Arguably the most gratifying aspect of The Last Dance was when Jordan was handed an iPad to watch and critique the opinions of his contemporaries. Hehir’s decision to include the footage of Jordan viewing the hot takes of Isiah Thomas, Gary Payton, among others, was a stroke of genius, allowing us to see Jordan’s raw and unfiltered response, whether it was of bemusement or sheer hilarity. A new wave of memes were born.
This approach led to Jordan finally discovering from Bulls Governor Jerry Reinsdorf why this iteration of the Bulls had to be broken up prior to the 1998-1999 season. Reinsdorf claims that the breakup was inevitable, as Jackson was fully determined not to return to the Bulls due to irreconcilable differences with Bulls General Manager Jerry Krause. Pippen wanted to be paid at market value and retaining the services of their role players became too expensive.
The allure of winning was tantalizing, but even hoisting the Larry O’Brien trophy no longer carried enough appeal to bring the band back together. Eventually, dreams of a four-peat remained just that: dreams. Would the Bulls have prevailed over the San Antonio Spurs in the 1999 Finals, during a lockout-shortened season where back-to-back-to-back games were played? Would they have even made the Finals? It’s a wonderful hypothetical to debate on.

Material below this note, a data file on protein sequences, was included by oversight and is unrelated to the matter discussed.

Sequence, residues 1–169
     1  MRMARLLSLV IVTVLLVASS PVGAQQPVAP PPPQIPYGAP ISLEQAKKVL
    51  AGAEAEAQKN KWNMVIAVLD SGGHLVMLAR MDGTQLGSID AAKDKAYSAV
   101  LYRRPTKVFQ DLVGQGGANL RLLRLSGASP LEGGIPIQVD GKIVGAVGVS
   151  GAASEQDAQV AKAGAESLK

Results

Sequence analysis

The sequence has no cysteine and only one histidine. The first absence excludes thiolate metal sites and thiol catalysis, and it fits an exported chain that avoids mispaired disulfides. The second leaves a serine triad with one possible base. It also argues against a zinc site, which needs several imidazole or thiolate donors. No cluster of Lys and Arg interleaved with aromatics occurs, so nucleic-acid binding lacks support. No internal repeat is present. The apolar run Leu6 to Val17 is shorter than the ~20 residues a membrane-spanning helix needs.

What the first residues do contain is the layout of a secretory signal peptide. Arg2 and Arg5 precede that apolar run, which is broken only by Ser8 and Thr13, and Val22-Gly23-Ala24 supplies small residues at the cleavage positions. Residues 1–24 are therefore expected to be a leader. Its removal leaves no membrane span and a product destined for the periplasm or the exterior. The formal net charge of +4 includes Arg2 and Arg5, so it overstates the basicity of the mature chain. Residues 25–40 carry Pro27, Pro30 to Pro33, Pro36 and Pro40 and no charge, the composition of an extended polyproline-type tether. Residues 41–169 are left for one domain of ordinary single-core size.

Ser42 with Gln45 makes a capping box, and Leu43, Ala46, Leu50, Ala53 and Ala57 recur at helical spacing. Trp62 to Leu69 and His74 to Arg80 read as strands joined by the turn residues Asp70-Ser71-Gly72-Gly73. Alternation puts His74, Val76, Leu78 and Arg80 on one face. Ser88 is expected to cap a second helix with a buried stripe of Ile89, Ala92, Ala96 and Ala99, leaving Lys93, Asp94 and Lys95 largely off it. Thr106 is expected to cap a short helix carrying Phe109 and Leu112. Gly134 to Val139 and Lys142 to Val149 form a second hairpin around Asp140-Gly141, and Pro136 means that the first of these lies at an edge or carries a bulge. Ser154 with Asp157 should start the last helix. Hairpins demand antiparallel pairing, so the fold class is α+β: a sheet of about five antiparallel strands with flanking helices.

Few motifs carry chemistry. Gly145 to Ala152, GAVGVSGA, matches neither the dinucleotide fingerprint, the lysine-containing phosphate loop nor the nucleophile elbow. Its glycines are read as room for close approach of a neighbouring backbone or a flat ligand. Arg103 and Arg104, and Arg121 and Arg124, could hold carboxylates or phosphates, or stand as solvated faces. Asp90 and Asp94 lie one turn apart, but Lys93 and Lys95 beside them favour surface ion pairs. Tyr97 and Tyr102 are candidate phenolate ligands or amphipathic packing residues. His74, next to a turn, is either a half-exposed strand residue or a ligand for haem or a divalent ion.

Now that the Chicago Bulls have told their side of the story, what do we as viewers take away from The Last Dance? Winning was Jordan’s only mode of currency, and this could not be converted into any other form. He was forged in the crucible of the Bad Boy Pistons and learned that pain begets pain. Competition is a vacuum, and he sucked the air out of the opposition, suffocating them with his indomitable will.
But winning was not a panacea. It did not immunize Jordan from the fickle whims of the media circus or confronting the spectre of death when he lost his father. His drive was all-consuming, and he will never be thought of as someone who found fulfillment in life post-retirement.
There is a ghost who played in Chicago. He is the greatest basketball player ever known to lace up his eponymous sneakers. But as The Last Dance comes to a close, we see Michael Jordan, 22 years removed from his sixth and final championship, the architect of his own success but a prisoner of his own nostalgia, chasing a phantom of his once glorious past.